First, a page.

In Sub-Saharan Africa, Cuban revolutionaries were sent to the Congo to support the liberation movement and later the anti-Mobutu movement.  Che Guevara ultimately pulled Cuban forces out of the Congo, disillusioned by what he called the ill-discipline and corruption of Laurent Kabila’s opposition.

Much of Cuba’s focus from 1966 was on Guinea Bissau’s liberation struggle, where Cuban doctors and troops remained until the country’s independence in 1974.  Ninety percent of the doctors who supported the guerrillas of Guinea Bissau were Cuban at the time.  This intervention was considered Cuba’s most successful until its intervention in Angola in 1975. 

 The deep and special relationship between the liberation movements of Southern Africa and Cuba were cemented on the battlefields of southern Angola, where almost fifty thousand Cubans joined their destiny with that of African combatants to reject the military intervention of apartheid South Africa and to fight neo-colonialism on the continent.  Ever since, South Africans and Cubans have been bonded by a noble history of freedom struggle. 

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 On the eve of Angola’s independence, Cuban forces intervened in support of the Peoples’ Movement for the Liberation of Angola (MPLA). Following Angola’s independence, the country descended into civil war.  What led to a protracted conflict was the invasion of South Africa, whose apartheid leaders saw the MPLA as a significant threat.  With the real prospect that South Africa could have crushed the MPLA, Castro took a principled decision to send Cuban troops to support the MPLA.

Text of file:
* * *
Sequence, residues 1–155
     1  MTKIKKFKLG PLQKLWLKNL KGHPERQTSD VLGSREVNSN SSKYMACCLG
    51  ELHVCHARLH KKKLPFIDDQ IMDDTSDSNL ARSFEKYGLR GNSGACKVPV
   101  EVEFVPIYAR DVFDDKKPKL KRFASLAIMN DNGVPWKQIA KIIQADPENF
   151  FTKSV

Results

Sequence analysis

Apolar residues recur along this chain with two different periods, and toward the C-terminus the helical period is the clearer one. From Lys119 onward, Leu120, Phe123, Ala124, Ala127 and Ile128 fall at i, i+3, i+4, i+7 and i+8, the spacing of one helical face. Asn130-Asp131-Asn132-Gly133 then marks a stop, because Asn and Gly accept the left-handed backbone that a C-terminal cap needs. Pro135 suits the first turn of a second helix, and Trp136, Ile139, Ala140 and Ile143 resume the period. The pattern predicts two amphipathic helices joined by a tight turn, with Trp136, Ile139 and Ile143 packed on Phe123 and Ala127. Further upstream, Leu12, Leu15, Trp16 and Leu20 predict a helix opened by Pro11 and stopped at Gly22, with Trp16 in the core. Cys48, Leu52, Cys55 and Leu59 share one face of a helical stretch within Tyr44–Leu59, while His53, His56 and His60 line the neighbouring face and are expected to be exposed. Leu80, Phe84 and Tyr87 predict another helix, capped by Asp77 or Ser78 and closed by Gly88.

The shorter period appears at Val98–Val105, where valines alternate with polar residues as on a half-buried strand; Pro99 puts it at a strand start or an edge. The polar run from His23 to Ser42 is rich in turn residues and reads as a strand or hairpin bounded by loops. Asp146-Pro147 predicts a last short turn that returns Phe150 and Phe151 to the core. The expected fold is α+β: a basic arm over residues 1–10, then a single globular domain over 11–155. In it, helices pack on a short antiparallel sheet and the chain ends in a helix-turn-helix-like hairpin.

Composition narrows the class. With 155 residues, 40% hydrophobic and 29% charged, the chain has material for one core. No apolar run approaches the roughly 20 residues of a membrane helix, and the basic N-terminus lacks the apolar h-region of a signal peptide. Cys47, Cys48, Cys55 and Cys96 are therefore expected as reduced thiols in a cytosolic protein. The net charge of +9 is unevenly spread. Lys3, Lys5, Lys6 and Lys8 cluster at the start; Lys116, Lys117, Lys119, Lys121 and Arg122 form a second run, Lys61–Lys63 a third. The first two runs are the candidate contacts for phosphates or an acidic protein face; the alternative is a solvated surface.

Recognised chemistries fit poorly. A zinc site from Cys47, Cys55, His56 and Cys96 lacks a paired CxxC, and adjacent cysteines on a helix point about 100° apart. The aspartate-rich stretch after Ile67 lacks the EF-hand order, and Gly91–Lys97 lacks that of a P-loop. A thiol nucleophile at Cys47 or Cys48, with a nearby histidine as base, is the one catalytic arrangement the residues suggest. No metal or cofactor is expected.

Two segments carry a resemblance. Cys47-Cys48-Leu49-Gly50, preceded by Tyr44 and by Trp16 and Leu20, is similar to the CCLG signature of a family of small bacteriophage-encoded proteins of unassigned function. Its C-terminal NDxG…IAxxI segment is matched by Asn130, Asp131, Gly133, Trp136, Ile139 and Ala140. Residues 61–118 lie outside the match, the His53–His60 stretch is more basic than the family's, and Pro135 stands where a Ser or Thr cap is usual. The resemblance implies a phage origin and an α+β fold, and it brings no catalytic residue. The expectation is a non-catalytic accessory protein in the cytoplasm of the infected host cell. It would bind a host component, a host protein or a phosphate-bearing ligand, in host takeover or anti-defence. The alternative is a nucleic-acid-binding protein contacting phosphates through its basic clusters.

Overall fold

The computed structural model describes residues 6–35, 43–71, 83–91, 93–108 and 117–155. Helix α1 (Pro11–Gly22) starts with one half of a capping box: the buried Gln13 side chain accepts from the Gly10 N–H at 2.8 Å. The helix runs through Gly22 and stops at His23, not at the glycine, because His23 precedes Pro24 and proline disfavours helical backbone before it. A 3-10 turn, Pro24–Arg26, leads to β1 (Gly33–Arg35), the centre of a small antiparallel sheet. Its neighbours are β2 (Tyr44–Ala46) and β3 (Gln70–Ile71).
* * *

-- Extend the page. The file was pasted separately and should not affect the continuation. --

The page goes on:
Cuba’s ultimate success in Angola was precipitated by a major South African attack which forced the MPLA to withdraw to Cuito Cuanavale, leaving the fighters demoralised. In November 1986, Castro held an all-night meeting with his closest aides in Havana and decided Cuba would launch an offensive in the south-west to oust South African troops once and for all. 

 The Cuban attack on the South Africans was, according to the head of the South African task force for Cuito Cuanavale, “a blinding and deafening strike, from an enemy that is strong and clever”.

 Cuba had been the decisive element in turning the tide of the Angolan war in favour of Angola’s liberation movement.  The military successes against the South Africans led to the negotiations in London on June 4, 1988, between Angola, Cuba, South Africa and the US. 

 Reading the balance of forces, the South Africans gave up and in December 1988, accepted Cuban demands to abandon Angola and facilitate Namibian independence.

 Were it not for the selfless intervention of the Cubans in southern Africa over the course of three decades, it would have taken far longer to liberate the region from colonial oppression. Nelson Mandela understood this, which is why Cuba was the first country outside the continent he visited upon his release from prison.


 Throughout the past seven decades, Cubans have drawn their inspiration from their inspirational revolutionary leaders. Che Guevara said, “The life of a single human being is worth a million times more than all the property of the richest man on earth.” Cubans are also inspired by the maxim of the 19th-century revolutionary Jose Marti who said, “All of humanity is our homeland”. 

 It is now incumbent on progressive forces around the world to develop practical programmes of support for the people of Cuba.  We need to ensure the world hears our call for Cuba to be liberated from the economic oppression of the US embargo it has suffered under.  We should gather parcels of support and other means of indicating our solidarity with Cuba.

 We need our activism to go beyond words of support and include projects, petitions and robust campaigns.  We need to do this so that the Cuban people can prosper and live a decent life as it has strived to ensure for the rest of humankind.

  • This is an edited version an address by Naledi Pandor, the Minister of International Relations and Co-operation in South Africa to the 7th African Conference Meeting of Solidarity with Cuba in Mpumalanga, South Africa.